On October 29, Turkish President Recep Tayyip Erdogan announced that Turkey is seeking to strengthen its forces in the district of Silopi near the northern Iraqi border and stressed that if Shia PMUs helped in the clearing of the city of Tal Afar, a city heavily populated with Turkmen, Turkey would have a “different response” to prevent what it believes would be a sectarian battle. And on November 1, Turkish armed forces began to deploy tanks and ammunition near its border with Iraq. The deployment coincides with an Iraqi operation to drive out so-called Islamic State militants from Northern Iraq in Mosul as well as push them out of the town of Tal Afar, which is further west. Ankara has warned against such a move toward Tal Afar, which is home to a sizeable ethnic Turkmen population and has historical and cultural ties to Turkey. Furthermore, the area near Silopi is one of the main areas of conflict between the Turkish military and Kurdistan Worker’s Party (PKK) militants who have a base in Northern Iraq.
On October 31, PMU militia leader of the Martyrs Brigade, Abu Alaa, reported that his forces killed 12 ISIS militants during a VBIED attack in the village of Asaylah, 72 kilometers west of Mosul. The PMU militia also managed to capture two ISIS militants and destroy two ISIS vehicles. A later report by the Martyrs Brigade reported that it killed seven ISIS militants, found a cache of weapons, and are engaging with ISIS militants in the two villages of Mahlbah and Tisagv, 70 kilometers west of Mosul. Alaa claimed that after security forces retake Tal Afar, 63 kilometers west of Mosul, they will engage ISIS militants in Syria. A later anonymous report on November 3, claimed that PMU militias were only 15 kilometers from the Tal Afar. A specific location was not given.
On October 31, leadership of the PMU Abbas Brigade reported that 1,000 elite fighters and 2,000 reservist troops will move towards Tal Afar, 63 kilometers west of Mosul. Leadership stressed its commitment to the people of Tal Afar and announced their support of joint security forces and Commander-in-Chief of the Armed Forces, Prime Minister Haider al-Abadi.
On November 1, Almada Press reported that ISIS militants continued forcibly transferring civilians from Hamam al-Alil, 30 kilometers south of Mosul, to unknown locations late into the night. Almada Press predicted that these civilians, numbered around 50,000, will be taken to Tal Afar, 63 kilometers west of Mosul, to be used as human shields by ISIS in anticipation of ISF and coalition forces move westward to clear the city of ISIS militants.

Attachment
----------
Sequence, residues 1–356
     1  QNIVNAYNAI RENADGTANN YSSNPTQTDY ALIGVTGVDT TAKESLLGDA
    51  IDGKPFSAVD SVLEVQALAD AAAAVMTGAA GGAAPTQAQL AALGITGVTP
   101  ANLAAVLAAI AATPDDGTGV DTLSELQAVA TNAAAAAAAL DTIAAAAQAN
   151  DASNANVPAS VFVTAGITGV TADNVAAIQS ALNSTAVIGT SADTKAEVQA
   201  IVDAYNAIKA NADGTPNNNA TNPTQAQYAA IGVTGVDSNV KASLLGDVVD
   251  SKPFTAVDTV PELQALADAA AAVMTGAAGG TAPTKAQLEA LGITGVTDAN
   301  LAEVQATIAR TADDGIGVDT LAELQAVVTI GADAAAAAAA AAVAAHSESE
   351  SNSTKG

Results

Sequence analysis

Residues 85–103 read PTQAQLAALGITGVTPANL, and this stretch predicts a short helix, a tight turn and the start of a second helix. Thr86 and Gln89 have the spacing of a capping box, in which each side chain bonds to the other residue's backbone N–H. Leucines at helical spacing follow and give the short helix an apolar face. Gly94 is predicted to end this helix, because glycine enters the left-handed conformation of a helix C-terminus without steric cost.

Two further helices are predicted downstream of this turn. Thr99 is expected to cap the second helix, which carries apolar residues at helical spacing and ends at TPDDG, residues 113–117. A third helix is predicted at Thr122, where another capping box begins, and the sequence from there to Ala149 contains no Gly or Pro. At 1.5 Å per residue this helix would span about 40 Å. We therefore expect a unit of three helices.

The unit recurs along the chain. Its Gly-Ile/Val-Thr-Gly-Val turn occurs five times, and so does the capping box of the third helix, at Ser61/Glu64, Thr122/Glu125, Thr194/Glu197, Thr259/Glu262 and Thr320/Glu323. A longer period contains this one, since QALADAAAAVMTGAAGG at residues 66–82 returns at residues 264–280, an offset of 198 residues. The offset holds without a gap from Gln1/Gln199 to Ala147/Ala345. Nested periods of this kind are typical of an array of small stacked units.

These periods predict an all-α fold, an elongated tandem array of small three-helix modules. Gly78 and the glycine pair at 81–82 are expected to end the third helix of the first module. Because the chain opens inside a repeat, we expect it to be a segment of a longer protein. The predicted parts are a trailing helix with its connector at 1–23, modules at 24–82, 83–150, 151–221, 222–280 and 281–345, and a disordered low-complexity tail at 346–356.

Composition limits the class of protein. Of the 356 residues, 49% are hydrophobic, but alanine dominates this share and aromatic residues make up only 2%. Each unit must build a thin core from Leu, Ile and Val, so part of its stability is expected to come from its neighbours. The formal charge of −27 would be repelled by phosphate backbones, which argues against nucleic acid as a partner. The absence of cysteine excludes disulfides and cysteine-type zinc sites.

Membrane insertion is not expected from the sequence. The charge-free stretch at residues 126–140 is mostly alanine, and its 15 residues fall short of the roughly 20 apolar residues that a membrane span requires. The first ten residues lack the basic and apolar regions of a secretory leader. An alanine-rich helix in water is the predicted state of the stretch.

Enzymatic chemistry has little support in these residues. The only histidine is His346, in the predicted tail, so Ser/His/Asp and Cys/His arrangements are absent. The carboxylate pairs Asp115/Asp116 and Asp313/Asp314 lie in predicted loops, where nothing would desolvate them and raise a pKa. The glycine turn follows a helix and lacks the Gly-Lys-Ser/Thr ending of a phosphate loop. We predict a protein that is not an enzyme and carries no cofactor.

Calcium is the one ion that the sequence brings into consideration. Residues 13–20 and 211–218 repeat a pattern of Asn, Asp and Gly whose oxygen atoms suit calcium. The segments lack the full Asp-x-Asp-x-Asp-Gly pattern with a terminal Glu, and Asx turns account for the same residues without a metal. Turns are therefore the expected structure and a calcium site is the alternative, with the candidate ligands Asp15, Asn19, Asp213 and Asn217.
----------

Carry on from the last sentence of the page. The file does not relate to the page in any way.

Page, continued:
On November 2, Prime Minister Haider al-Abadi warned Turkey against provoking a confrontation with Iraq, saying he does not want war. In a press conference on Wednesday, al-Abadi stated that “the invasion of Iraq will lead to Turkey being dismantled.” He added that if “a confrontation happens” Iraq is ready and that Iraq will consider Turkey an enemy and they “will deal with it as an enemy.” Furthermore, in a press release issued later in the day, al-Abadi threatened that Turkey would “pay the price” if it continued moving troops, tanks, and artillery towards the northern Iraqi border. In response, Turkey’s Foreign Minister, Fikri Isik, said the deployment was solely a part of Turkey’s preparation for “important developments in the region.” Isrik clarified that Turkey’s military enhancement near the northern Iraqi border is a “precautionary measure” and not a threat. Turkey’s Deputy Prime Minister, Numan Kortolmos, added that al-Abadi’s comments “exceeded the limit” and that he should make a statement to ease tensions between the two nations. The war of words between Iraq and Turkey has continued since Turkey first announced its decision to extended the stay of troops near the Iraqi border on October 1 and has steadily increased as Turkey expressed its determination to participate in the battle of Mosul, which began on October 17.
On October 28, Commander of Anbar Operations, Major General Ismail Mahlawi reported that 20 Islamic State of Iraq and al-Sham (ISIS) militants were arrested during security operations in Rutba by Iraqi Security Forces (ISF) with help from Iraqi civilians. Mahlawi claimed that ISIS militants were mostly driven from Rutba on October 23 and that security operations are being planned to clear ISIS militants from their last enclave in Qa’im, 217 kilometers west of Ramadi.
On October 28, Commander of Anbar Operations, Major General Ismail Mahlawi reported that ISF destroyed an armored vehicle during security operations in villages 50 kilometers north of Rutba and 280 kilometers west of Ramadi. During the same operations, the U.S.-led international coalition destroyed three armoured vehicles and a improvised explosive devices (IED) factory.
On October 28, commander of a PMU in Anbar Province, Colonel Shakir Obeid al-Dulaimi, Colonel Shakir Obeid al-Dulaimi reported that 14 ISIS militants were killed near the Syrian-Iraqi border in the al-Waleed area, 240 kilometers west of Ramadi. The operation also resulted in the destruction of 6 ISIS vehicles with 23 mm guns. Dulaimi claimed that the area would see “large scale military operations” by the ISF to secure the border from ISIS militants.